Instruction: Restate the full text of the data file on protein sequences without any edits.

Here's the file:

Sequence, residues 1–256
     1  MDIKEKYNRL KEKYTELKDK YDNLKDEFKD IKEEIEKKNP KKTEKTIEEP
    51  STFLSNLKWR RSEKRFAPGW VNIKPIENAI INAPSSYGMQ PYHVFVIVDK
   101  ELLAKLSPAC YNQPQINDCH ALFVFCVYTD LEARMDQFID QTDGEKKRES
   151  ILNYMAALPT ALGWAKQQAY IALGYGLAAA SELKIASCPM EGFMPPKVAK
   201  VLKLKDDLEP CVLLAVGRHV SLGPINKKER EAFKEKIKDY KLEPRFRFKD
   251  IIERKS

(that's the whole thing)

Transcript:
Sequence, residues 1–256
     1  MDIKEKYNRL KEKYTELKDK YDNLKDEFKD IKEEIEKKNP KKTEKTIEEP
    51  STFLSNLKWR RSEKRFAPGW VNIKPIENAI INAPSSYGMQ PYHVFVIVDK
   101  ELLAKLSPAC YNQPQINDCH ALFVFCVYTD LEARMDQFID QTDGEKKRES
   151  ILNYMAALPT ALGWAKQQAY IALGYGLAAA SELKIASCPM EGFMPPKVAK
   201  VLKLKDDLEP CVLLAVGRHV SLGPINKKER EAFKEKIKDY KLEPRFRFKD
   251  IIERKS